Mile 19.6 25:45 (11:12 avg./mile) Wilton Road
These few sections are open prairie. The quick ups and downs have subsided to gracefully long inclines or descents that are mostly flat. My legs feel great, and my energy level is high. My stomach is not 100 percent, and of course I have the clogged ears and drainage, but overall I think my race is going well. Another unmanned aid station which I glide right on through.
Mile 23.0 43:42 (12:51 avg./mile) Highway 67
In the prairie section, I let Mike press on ahead. Either he will slow down, or he will have an excellent first race. I know though that I want to keep taking things really easy. I am not chatting with many people as I have to concentrate really hard to hear what they are saying. It is best to just run inside my own head listening to not much of anything. At this aid station, I grab two more ham sandwich quarters. Some of these seem to have mayo on them, and I like the taste. I also refill my Camelbak at this aid station.
Mile 25.5 34:59 (14:00 avg./mile) County ZZ
I ease into this aid station, and Martha is here with some chocolate milk. Unfortunately, the chocolate milk she bought is frozen! She scoops a little in a cup, and I take a couple of swallows before handing the cup back to her. She says, is that it? Yep, I will see you across the way at Scuppernong. The aid stations are within sight of each other so she only has to walk less than 100 yards, while I am running the 5 miles around the loop.
Mile 30.4 1:09:52 (14:16 avg./mile) Scuppernong
I find myself running most of this section with Tom. He is a little older than me, but definitely has the same mindset for keeping a relaxed pace. He also likes to roll quickly down the hills like I do, so we stick together easily. I have plenty of pep in my legs for when I stop to take a leak, it is no problem at all to catch back up to Tom. I roll into Scuppernong, and Martha has a full cup of mostly thawed out chocolate milk. I drink the whole cup, and then grab two sandwich quarters to eat walking out of the aid station.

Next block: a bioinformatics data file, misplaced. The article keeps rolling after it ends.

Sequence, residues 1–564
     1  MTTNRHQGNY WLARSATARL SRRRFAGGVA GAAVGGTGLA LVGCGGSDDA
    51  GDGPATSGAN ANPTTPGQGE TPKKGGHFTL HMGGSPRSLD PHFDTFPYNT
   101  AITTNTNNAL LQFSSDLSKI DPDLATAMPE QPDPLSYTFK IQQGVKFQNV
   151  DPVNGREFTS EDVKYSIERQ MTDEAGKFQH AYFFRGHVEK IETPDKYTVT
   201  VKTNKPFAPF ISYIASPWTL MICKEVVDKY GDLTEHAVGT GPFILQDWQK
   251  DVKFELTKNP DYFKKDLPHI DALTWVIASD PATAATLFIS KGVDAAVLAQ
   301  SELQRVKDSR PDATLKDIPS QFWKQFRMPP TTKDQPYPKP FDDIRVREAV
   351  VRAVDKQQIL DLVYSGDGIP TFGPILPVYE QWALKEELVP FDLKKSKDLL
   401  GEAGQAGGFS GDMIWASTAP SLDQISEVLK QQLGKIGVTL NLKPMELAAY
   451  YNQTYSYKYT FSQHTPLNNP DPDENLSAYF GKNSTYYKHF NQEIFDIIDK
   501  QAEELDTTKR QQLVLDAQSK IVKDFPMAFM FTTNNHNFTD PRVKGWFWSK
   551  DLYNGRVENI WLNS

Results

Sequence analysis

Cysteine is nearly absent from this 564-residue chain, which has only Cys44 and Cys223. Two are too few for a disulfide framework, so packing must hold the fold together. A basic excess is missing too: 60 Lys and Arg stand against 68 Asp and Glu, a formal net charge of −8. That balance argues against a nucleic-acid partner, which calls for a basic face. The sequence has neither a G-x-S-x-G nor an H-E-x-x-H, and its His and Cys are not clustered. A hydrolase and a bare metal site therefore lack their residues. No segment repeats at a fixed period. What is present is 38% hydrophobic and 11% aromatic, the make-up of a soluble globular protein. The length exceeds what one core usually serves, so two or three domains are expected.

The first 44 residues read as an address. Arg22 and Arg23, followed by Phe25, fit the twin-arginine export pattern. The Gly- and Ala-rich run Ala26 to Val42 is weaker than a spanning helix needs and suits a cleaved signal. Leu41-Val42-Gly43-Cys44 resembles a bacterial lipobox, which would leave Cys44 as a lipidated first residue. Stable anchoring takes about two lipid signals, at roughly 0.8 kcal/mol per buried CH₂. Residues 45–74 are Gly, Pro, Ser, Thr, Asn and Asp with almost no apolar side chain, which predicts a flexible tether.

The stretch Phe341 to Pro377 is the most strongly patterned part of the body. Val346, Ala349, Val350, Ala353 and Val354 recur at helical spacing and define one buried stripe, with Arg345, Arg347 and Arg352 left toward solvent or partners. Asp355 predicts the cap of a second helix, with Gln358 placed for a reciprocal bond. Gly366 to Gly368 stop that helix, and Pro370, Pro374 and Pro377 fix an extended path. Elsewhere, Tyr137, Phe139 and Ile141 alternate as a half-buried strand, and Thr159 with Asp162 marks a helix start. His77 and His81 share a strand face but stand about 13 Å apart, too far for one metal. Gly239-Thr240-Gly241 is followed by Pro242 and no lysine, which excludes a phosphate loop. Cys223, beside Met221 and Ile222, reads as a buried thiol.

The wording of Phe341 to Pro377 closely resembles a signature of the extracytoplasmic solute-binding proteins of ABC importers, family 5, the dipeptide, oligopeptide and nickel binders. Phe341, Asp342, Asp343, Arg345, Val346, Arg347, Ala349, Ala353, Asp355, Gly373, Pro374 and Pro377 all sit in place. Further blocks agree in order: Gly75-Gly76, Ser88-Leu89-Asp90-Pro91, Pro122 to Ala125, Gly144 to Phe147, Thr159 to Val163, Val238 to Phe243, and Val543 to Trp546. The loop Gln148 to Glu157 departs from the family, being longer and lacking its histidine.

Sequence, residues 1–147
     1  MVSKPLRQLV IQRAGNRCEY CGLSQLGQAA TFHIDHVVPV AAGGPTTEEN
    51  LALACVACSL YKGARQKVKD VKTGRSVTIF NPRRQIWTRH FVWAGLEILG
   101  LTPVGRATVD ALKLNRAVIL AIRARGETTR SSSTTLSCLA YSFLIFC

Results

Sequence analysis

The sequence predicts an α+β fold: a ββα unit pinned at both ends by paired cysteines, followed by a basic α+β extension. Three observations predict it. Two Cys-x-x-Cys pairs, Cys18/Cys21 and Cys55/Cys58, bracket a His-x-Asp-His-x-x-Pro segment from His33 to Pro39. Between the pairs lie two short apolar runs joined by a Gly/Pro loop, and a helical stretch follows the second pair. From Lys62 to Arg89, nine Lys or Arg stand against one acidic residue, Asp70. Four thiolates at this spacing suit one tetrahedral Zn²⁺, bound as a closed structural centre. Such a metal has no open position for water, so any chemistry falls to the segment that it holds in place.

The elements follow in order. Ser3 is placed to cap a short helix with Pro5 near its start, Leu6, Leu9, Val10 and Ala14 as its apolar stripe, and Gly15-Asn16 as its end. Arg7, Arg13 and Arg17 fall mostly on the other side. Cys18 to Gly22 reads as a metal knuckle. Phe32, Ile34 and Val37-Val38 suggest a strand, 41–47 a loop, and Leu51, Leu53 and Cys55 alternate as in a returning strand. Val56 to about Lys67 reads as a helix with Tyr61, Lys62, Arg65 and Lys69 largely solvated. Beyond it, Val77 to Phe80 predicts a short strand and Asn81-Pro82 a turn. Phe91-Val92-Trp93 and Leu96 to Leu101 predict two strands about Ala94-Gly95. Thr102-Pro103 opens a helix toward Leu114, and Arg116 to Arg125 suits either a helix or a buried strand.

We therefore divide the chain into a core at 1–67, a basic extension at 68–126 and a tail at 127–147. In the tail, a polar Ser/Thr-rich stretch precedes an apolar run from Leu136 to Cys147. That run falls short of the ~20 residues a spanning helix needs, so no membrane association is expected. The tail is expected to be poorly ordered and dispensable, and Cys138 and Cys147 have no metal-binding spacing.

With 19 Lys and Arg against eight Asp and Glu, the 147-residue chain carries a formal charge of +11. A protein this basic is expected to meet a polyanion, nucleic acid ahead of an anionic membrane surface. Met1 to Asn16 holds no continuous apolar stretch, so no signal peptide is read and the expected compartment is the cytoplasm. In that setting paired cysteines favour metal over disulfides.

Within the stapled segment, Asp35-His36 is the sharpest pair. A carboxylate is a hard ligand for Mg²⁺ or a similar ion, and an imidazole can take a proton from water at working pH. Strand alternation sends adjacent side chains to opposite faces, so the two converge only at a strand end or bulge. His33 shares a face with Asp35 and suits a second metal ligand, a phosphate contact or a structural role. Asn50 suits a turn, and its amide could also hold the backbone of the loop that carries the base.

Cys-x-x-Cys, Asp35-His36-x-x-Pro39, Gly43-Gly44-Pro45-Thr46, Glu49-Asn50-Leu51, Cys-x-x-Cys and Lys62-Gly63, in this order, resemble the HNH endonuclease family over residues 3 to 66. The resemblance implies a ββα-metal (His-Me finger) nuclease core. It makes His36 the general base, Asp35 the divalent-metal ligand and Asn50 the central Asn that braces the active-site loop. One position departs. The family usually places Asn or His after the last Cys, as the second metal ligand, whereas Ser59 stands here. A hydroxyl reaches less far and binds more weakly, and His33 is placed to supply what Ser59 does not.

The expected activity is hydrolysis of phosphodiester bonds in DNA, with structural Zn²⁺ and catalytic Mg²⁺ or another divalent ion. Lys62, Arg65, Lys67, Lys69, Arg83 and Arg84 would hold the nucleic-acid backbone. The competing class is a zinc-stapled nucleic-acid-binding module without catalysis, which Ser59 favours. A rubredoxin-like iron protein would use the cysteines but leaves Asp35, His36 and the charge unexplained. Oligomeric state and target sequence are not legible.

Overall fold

Mile 35.4 1:08:00 (13:36 avg./mile) County ZZ
Tom spent more time in the aid station than me, and I will not see him again in this race. I believe it looks like he stopped at mile 54. The chocolate milk has given me a bit more energy and the fact that I want to get this mentally challenging loop that gets you to where you began, finds me pushing the pace a little. I am really hammering the downhills. I arrive at the aid station with Martha holding another cup of chocolate milk. I down that and grab two small sandwich wrap to eat on the run. My pace is great, and I start to wonder how long I can maintain a sub-15 minutes per mile pace.l
Mile 37.9 35:00 (14:00 avg./mile) Highway 67
The chocolate milk and sandwich wraps settle in as I take it easy coming out of the Scuppernong loops. I am going to just focus on trying to maintain sub-15-minute miles. At this aid station, I only grab some potato chips.
Mile 41.3 44:04 (12:58 avg./mile) Wilton Road
Back on the prairie, I try to run smoothly. There is one 100k runner that I keep leap frogging with. He runs when I am walking and vice versa. As the terrain is mostly flat, it is all about taking my time on mixing up running with some walking. Another unmanned aid station that I roll right through.
Mile 43.6 32:10 (13:59 avg./mile) Antique Lane
The day has warmed up some, but it is still probably only 70 degrees out here. There is a gentle breeze so far and most importantly, no sign of thunderstorms yet. I manage to keep rolling along, generally keeping pace with the runners around me. This is another unmanned aid station, but I take the opportunity to top off my Camelbak. At least I am drinking plenty of water as a day like today when it isn’t very warm will still take the water out of you.
Mile 46.7 45:38 (14:43 avg./mile) Emma Carlin